Skip to main content


Press Release Published: 22 May 2023

Venezuelans, Colombians, and Peruvians lodge near-record numbers of asylum applications in the EU+

Venezuelans, Colombians, and Peruvians lodge near-record numbers of asylum applications in the EU+

Over the last 12 months (April 2022-March 2023), EU+ countries have received many more applications for asylum compared to recent years, including before the pandemic. In March 2023, some 92 000 applications for asylum were lodged including more from Venezuelans, Colombians and Peruvians which, together, accounted for 16% of all applications lodged. 

The European Union Agency for Asylum (EUAA) has released new data showing the extent to which applications for asylum in the EU+ are on the rise. Applications in March 2023 were at a level that has only been surpassed four times since the so-called migration crisis of 2015-2016, all in the last six months. In fact, applications were up by just under a third (31%) in the first quarter of 2023[1]  (265 250) compared to the same period in 2022 and, up by more than half (52%) compared to the same period in 2019, before the COVID-19 pandemic.[2]

More citizenships are increasingly seeking protection in EU+ countries, including in March, especially Venezuelans (6 500), Colombians (6 100), and Peruvians (2 200), as well as Turks and Russians. At the same time, 4 million Ukrainians currently benefit from temporary protection in the EU.


Main countries of origin

In March 2023, Syrians (10 000) and Afghans (9 500) continued to lodge the most applications for asylum, both with increases compared to a year ago, especially Syrians (+29%). More than half of all Syrian and Afghan applications were lodged in Germany. Russians (2 300) also lodged more applications for asylum and were more frequently granted international protection. Turks (5 900) lodged more than twice the number of applications than in March 2022, although the recognition rate has declined.

The increasing number of applications being lodged by Venezuelans and Colombians and, to a lesser extent Peruvians, are notable in that these nationals can enter the Schengen area without the need for a visa. Most of these applications were lodged in Spain.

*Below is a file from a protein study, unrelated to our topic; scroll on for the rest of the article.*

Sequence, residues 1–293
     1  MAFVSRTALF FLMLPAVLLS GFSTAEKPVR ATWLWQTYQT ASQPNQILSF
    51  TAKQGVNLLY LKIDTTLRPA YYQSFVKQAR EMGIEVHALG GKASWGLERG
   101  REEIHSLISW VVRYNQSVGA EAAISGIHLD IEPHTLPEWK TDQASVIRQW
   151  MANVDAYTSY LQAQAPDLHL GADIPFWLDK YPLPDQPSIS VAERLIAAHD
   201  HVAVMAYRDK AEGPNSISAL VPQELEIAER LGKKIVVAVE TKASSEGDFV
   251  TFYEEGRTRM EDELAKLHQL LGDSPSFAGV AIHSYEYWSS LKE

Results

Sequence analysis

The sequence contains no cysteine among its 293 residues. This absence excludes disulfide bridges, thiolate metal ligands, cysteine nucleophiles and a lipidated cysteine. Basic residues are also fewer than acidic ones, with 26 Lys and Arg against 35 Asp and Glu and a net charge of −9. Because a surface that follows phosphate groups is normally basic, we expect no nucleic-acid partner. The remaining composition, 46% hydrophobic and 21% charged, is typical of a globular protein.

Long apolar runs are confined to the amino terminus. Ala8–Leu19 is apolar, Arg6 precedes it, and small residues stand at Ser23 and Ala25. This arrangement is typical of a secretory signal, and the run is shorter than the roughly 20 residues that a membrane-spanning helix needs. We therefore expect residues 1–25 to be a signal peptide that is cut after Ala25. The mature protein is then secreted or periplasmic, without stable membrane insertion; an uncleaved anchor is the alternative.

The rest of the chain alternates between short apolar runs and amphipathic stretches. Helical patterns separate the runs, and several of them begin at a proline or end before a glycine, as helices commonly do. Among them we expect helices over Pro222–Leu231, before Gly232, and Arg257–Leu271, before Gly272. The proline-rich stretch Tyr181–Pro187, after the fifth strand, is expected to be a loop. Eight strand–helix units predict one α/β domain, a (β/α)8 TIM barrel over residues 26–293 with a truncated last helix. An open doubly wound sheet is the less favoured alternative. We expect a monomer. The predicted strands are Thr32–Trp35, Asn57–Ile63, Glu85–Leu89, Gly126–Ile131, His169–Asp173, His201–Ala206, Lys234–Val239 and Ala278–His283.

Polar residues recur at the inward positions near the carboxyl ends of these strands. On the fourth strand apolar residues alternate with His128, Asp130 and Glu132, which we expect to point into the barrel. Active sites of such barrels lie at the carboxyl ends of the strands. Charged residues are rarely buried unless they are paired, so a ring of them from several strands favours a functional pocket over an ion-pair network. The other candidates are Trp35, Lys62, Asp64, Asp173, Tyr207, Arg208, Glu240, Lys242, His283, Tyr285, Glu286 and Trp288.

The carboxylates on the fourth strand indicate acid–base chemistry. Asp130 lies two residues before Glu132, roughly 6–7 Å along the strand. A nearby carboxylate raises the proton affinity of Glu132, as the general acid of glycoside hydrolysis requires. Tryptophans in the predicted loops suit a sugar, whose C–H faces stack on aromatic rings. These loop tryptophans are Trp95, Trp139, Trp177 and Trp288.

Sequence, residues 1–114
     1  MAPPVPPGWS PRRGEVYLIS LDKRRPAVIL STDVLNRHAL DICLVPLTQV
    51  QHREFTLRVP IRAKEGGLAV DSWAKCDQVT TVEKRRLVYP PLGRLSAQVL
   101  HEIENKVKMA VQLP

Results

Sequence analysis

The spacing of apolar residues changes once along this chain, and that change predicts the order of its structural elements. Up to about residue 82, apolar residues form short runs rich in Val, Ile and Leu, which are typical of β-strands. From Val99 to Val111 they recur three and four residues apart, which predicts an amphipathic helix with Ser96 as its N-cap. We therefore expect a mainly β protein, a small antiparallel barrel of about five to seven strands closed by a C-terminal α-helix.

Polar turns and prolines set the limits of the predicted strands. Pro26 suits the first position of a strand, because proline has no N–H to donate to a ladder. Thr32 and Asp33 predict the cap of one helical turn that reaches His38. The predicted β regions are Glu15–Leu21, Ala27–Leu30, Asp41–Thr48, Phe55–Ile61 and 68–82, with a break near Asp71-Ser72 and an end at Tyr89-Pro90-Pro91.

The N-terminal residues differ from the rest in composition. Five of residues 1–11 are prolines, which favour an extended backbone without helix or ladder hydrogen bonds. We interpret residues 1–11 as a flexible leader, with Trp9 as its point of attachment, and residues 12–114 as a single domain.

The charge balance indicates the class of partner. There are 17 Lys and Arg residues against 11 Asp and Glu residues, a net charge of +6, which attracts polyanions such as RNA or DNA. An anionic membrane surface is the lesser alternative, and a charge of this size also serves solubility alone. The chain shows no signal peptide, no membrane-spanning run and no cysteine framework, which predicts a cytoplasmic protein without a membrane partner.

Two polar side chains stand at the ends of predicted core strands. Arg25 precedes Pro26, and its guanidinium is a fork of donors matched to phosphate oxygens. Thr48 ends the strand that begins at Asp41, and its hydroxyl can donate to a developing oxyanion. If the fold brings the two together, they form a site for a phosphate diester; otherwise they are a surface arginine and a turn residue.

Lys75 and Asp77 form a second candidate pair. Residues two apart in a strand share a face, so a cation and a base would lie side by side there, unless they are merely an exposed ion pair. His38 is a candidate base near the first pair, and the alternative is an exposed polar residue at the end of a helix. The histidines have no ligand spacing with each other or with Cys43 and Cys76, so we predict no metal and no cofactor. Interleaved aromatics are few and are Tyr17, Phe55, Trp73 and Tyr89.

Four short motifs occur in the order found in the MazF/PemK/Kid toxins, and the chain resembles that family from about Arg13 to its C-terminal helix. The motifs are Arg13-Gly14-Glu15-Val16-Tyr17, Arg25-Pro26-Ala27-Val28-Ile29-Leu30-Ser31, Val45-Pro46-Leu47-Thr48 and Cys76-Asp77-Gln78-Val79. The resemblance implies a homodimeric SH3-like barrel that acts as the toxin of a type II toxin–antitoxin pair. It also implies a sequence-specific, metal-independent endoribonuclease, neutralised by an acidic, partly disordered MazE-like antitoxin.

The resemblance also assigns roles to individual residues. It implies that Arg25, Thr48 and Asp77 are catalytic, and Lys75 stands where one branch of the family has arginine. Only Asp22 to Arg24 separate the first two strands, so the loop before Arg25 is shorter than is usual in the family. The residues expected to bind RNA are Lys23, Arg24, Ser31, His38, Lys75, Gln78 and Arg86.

Pending Cases

As of March 2023, there were 665 000 applications awaiting a decision at first instance, a 32 % increase year-on-year, and the most since early 2017 when EU+ countries were still processing applications lodged during the 2015-2016 so-called migration crisis.

For the most part, the citizenships with the most applications lodged also have the most cases awaiting decisions. For example, in March, Syrians and Afghans had by far the most pending cases (86 000 and 71 000, respectively). Pending cases have more than doubled over the last year for Colombians and Peruvians (mostly in Spain), Turks and Russians (mostly in Germany), and Egyptians (mostly in Italy).



Recognition Rate

In March 2023, the EU+ recognition rate fell to 36% (from 41% in February 2023). This was largely a result of Spain issuing an additional 10 000 decisions on Venezuelan applications, which were mostly negative. This figure is deceptive however, as many Venezuelans receive national forms of protection in Spain, rather than refugee or subsidiary protection. National protection status is not reflected in recognition rate calculations.[3]

As can be expected, the recognition rate for Ukrainians, which jumped from 14% to 93% in April 2022 following the Russian invasion has remained at over 90% since. The recognition rate for Turks has fallen from 43% in March 2022 to 28% in March 2023.



  • [1]EUAA EPS data are preliminary and might differ from validated official statistics submitted to Eurostat at a later stage.
  • [2] Data provided by the United Kingdom was removed for statistical comparison purposes.
  • [3]The Qualification Directive (2011/95/EU) regulates refugee status and subsidiary protection status. As such, the EUAA does not include national forms of protection in its recognition rate calculations.